OP18 Efficacy and safety of filgotinib for the treatment of perianal fistulizing Crohn’s Disease: Results from the phase 2 DIVERGENCE 2 study
Reinisch , W.(1);Colombel , J.F.(2);D’Haens , G.R.(3);Rimola , J.(4);DeHaas-Amatsaleh , A.(5);McKevitt , M.(6);Ren , X.(6);Serone , A.(6);Schwartz , D.A.(7);Gecse , K.B.(3);
(1)Medical University of Vienna, Department of Internal Medicine and Gastroenterology, Vienna, Austria;(2)Icahn School of Medicine at Mount Sinai, The Dr. Henry D. Janowitz Division of Gastroenterology, New York, United States;(3)Amsterdam University Medical Centre, Department of Gastroenterology and Hepatology, Amsterdam, The Netherlands;(4)Hospital Clinic of Barcelona, Inflammatory Bowel Disease Unit, Department of Radiology, Barcelona, Spain;(5)Galapagos, NV, Mechelen, Belgium;(6)Gilead Sciences, Inc., Foster City, United States;(7)Vanderbilt University Medical Center, Division of Gastroenterology, Hepatology and Nutrition, Nashville, United States;
Treatment of perianal fistulizing Crohn’s disease (PFCD) is a major unmet need. Filgotinib (FIL) is a once-daily, oral, preferential Janus kinase 1 inhibitor in development for the treatment of inflammatory bowel diseases. The efficacy and safety of FIL for the treatment of PFCD was evaluated in the phase 2, double-blind, randomized, placebo (PBO)-controlled DIVERGENCE 2 study (NCT03077412).
Patients (18–75 years old) with PFCD (documented diagnosis of CD for at least 3 months and 1–3 external openings [EOs] with drainage [spontaneous or on compression] for ≥ 4 weeks before screening) previously treated with antibiotics, immunomodulators and/or tumour necrosis factor inhibitors (TNFi) were randomized (2:2:1) to receive FIL 200 mg, FIL 100 mg or PBO once daily for up to 24 weeks. Active luminal CD was permitted providing that the Crohn’s Disease Activity Index score was ≤ 300 at screening. The primary endpoint was combined fistula response (reduction of ≥ 1 from baseline in the number of draining EOs determined by investigator assessment and no fluid collections > 1 cm on centrally read pelvic magnetic resonance imaging [MRI]) at Week 24. Combined fistula remission (closure of all draining EOs present at baseline and no fluid collections > 1 cm) at Week 24 was a key secondary endpoint. The study was not powered for statistical comparisons and was prematurely terminated owing to low recruitment rates during the COVID-19 pandemic.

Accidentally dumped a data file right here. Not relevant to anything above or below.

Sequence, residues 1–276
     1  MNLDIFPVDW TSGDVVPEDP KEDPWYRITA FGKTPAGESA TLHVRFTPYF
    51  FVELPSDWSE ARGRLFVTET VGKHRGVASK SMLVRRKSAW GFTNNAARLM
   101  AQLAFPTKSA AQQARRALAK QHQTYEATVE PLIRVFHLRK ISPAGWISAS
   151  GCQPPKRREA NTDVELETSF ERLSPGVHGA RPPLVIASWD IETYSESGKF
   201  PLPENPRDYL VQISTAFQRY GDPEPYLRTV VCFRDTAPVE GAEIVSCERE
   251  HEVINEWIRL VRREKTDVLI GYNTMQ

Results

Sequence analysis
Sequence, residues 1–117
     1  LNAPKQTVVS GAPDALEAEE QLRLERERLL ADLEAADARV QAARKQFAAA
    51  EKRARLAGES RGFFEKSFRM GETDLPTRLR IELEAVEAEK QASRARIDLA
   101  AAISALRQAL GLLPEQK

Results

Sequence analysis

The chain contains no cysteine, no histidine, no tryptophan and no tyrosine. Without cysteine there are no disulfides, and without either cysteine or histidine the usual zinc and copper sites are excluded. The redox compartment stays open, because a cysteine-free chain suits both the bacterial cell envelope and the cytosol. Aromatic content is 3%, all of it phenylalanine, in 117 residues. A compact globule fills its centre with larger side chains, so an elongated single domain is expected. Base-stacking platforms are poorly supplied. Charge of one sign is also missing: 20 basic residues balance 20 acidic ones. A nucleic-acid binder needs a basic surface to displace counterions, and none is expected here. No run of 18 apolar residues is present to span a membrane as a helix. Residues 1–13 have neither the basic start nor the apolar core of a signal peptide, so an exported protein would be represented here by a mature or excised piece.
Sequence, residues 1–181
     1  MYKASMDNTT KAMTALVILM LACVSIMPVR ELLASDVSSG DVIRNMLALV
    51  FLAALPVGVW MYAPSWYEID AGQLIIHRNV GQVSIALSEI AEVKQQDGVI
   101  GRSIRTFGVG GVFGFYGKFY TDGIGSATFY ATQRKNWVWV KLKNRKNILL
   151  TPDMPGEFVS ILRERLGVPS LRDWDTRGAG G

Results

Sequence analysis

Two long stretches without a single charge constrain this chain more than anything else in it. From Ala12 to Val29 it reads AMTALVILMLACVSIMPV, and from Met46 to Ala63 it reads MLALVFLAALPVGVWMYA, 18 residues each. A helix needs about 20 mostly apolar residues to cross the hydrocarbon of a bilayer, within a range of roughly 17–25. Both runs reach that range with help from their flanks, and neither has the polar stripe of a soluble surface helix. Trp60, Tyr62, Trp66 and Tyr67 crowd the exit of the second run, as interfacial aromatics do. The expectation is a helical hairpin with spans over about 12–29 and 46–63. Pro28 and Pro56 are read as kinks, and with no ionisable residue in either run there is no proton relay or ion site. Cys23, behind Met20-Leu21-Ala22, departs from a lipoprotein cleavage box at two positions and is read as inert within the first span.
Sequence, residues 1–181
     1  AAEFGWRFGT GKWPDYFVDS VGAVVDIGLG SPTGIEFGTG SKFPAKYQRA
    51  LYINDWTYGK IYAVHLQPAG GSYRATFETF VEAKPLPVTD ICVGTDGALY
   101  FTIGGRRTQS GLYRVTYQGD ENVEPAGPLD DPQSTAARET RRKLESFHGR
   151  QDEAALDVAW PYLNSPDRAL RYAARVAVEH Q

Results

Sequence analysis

Baseline characteristics were broadly similar across the treatment groups (Table 1). Overall, 91.2% of patients had complex perianal fistulae and TNFi treatment had previously failed in 64.9% of patients. A lower proportion of patients randomized to receive FIL 200 mg discontinued the study compared with those who received PBO (Table 2). The proportion of patients who achieved a combined fistula response at Week 24 was numerically higher in the FIL 200 mg group (47.1%; 90% confidence interval [CI]: 26.0–68.9) than in the PBO group (25.0%; 90% CI: 7.2–52.7) (Figure 1), with similar results observed for combined fistula remission (FIL 200 mg [47.1%; CI: 26.0–68.9] versus PBO [16.7%; CI: 3.0–43.8]) (Figure 2). Treatment-emergent severe adverse events were highest in the FIL 200 mg group (Table 2). Adverse event rates were otherwise similar across treatment groups.
In this phase 2 study, numerically higher fistula response and remission rates were observed after 24 weeks of treatment with FIL 200 mg versus PBO in patients with active PFCD and a history of multiple medical treatment failures. FIL was well tolerated overall. Further studies of FIL for the treatment of PFCD are warranted.